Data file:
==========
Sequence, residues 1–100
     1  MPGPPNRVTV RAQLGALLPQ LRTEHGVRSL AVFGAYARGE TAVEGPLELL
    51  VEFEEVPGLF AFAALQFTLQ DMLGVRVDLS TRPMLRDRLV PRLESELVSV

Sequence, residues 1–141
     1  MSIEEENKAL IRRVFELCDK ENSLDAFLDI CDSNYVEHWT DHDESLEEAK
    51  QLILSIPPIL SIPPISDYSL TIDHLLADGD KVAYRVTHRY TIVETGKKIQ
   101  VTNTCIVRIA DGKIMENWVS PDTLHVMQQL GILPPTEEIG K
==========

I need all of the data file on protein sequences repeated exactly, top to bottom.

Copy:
Sequence, residues 1–100
     1  MPGPPNRVTV RAQLGALLPQ LRTEHGVRSL AVFGAYARGE TAVEGPLELL
    51  VEFEEVPGLF AFAALQFTLQ DMLGVRVDLS TRPMLRDRLV PRLESELVSV

Sequence, residues 1–141
     1  MSIEEENKAL IRRVFELCDK ENSLDAFLDI CDSNYVEHWT DHDESLEEAK
    51  QLILSIPPIL SIPPISDYSL TIDHLLADGD KVAYRVTHRY TIVETGKKIQ
   101  VTNTCIVRIA DGKIMENWVS PDTLHVMQQL GILPPTEEIG K